As Rome begins to consider the evidence that’s been collected for her cause, a leading authority on Dorothy Day’s life, Robert Ellsberg, weighs in:
There are those who fear that canonization will inevitably reduce her radical commitment to peace and justice in favor of some innocuous piety. (They cite statements by conservative prelates that seem to point in that direction.) Yet, I believe that Day’s writings speak for themselves. Having just edited her writings from the ’60s and ’70s, I am confident there is no way to diminish her radical critique of the capitalist system, her bold solidarity with the poor and oppressed, or her revolutionary commitment to gospel nonviolence. By the same token, there is no doubting the deep spirituality that underlays her witness and her activism. As Pope Francis observed, that witness was rooted in her reading of the gospels and her study of the lives of the saints.
But didn’t she say: “Don’t call me a saint; I don’t want to be dismissed that easily”? If that sentence is among the most famous things she supposedly said, I have no one to blame but myself; I cited it in the introduction to my 1983 edition of her selected writings. Whatever the provenance of this famous “quote,” the important question is: What did it mean?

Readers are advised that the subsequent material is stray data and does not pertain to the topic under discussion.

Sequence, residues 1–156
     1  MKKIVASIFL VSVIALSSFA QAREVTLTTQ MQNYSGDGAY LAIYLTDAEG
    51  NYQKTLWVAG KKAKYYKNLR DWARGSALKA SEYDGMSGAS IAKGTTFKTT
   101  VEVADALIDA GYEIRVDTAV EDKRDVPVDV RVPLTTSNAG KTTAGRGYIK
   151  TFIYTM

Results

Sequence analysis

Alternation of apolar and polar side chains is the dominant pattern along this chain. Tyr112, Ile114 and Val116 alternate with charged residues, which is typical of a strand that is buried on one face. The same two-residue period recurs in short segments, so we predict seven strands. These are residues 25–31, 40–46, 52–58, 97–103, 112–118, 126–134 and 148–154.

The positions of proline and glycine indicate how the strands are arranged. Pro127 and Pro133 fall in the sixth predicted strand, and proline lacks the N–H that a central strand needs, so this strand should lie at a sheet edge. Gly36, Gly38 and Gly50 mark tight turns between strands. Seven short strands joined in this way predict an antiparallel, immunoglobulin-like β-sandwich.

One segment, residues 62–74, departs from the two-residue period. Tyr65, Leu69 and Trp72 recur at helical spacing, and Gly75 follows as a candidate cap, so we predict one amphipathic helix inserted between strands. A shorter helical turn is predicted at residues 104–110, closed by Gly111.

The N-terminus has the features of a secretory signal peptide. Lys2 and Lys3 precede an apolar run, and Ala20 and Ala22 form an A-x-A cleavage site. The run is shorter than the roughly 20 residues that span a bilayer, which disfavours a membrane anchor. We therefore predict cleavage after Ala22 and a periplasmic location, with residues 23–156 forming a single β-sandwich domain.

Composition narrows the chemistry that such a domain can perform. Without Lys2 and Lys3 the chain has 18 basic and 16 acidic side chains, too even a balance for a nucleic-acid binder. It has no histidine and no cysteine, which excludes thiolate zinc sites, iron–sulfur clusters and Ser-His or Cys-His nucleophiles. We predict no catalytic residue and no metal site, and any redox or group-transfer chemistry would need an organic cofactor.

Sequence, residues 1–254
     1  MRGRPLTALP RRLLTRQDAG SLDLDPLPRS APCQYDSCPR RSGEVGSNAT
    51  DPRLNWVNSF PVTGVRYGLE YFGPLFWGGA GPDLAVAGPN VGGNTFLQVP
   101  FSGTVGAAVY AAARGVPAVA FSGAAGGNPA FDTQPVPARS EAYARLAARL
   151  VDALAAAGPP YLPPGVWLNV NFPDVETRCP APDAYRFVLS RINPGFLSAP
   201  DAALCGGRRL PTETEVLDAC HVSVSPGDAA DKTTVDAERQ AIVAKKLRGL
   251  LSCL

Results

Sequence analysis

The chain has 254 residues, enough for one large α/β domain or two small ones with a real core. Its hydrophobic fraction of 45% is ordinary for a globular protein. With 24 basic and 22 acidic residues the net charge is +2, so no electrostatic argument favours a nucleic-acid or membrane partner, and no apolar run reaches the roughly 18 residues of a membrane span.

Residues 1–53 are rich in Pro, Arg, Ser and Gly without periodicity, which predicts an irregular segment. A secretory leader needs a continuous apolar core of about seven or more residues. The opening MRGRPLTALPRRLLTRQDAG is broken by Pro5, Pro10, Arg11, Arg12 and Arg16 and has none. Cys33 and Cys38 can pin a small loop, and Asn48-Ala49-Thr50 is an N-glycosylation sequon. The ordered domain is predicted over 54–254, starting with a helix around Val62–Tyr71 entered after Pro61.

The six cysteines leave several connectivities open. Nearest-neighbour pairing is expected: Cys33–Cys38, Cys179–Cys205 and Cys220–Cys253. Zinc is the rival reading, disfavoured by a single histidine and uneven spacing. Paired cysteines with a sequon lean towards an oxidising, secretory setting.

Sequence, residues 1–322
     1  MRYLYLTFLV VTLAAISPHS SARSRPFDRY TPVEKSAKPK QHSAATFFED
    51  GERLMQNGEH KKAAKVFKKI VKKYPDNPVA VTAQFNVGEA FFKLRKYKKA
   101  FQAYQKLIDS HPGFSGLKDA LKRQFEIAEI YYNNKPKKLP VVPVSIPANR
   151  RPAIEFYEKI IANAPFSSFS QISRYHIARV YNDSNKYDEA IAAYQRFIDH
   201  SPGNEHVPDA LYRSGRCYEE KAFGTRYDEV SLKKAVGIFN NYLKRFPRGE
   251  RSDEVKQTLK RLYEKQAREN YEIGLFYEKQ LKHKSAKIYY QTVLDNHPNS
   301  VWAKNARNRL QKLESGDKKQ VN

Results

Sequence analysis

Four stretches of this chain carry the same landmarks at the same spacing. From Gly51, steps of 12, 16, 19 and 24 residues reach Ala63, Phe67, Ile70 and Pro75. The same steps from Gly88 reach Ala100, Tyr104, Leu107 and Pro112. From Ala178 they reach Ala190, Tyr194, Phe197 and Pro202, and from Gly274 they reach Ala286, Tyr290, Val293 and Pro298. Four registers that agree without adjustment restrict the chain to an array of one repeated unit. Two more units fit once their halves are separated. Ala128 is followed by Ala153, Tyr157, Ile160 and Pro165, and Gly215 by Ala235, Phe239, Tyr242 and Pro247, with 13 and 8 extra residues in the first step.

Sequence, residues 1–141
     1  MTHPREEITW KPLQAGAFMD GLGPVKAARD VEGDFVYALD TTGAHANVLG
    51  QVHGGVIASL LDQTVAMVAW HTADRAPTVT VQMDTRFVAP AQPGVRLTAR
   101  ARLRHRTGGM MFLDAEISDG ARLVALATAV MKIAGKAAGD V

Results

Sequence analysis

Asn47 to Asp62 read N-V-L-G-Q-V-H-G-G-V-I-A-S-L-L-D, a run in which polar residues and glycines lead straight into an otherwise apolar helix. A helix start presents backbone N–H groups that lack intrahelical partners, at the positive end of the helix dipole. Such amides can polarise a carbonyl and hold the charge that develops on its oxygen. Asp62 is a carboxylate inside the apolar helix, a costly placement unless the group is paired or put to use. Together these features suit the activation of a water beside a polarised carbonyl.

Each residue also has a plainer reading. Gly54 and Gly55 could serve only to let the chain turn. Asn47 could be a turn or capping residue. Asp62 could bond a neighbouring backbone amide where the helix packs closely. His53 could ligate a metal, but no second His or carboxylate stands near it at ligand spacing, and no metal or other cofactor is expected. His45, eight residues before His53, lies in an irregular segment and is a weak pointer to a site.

“As she once said to me, ‘When they call you a saint, it means basically that you aren’t to be taken seriously.'”
Certainly, I never knew anyone with more devotion to saints than Day. She didn’t just venerate them—she tried to emulate them. They inspired her on her own quest for holiness, a vocation, she believed, that was shared by all Christians. What she objected to was being idealized, put safely on a pedestal, where her example posed no challenge to “ordinary” people. She knew that for most people, “saints” were perfect people; no one could be expected to follow their example. As she once said to me, “When they call you a saint, it means basically that you aren’t to be taken seriously.”
For Day, to be a saint meant taking Christ seriously. And that she certainly did: as a lay woman, as the leader of an apostolic movement, whose solidarity with the poor, resistance to a system that diminished human dignity and freedom, promotion of the gospel message of peace and concern for the earth, put her far in advance of church teachings in her time. Today, her stance is remarkably aligned with the agenda of Pope Francis.
Dorothy Day, pray for us!